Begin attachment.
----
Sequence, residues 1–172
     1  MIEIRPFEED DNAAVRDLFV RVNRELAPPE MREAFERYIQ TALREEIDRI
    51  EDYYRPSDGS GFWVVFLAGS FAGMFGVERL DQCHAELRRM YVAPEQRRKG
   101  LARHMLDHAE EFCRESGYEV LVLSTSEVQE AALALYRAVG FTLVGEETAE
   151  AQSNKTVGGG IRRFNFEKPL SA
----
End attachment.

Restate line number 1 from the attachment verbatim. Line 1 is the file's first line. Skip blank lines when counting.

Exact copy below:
Sequence, residues 1–172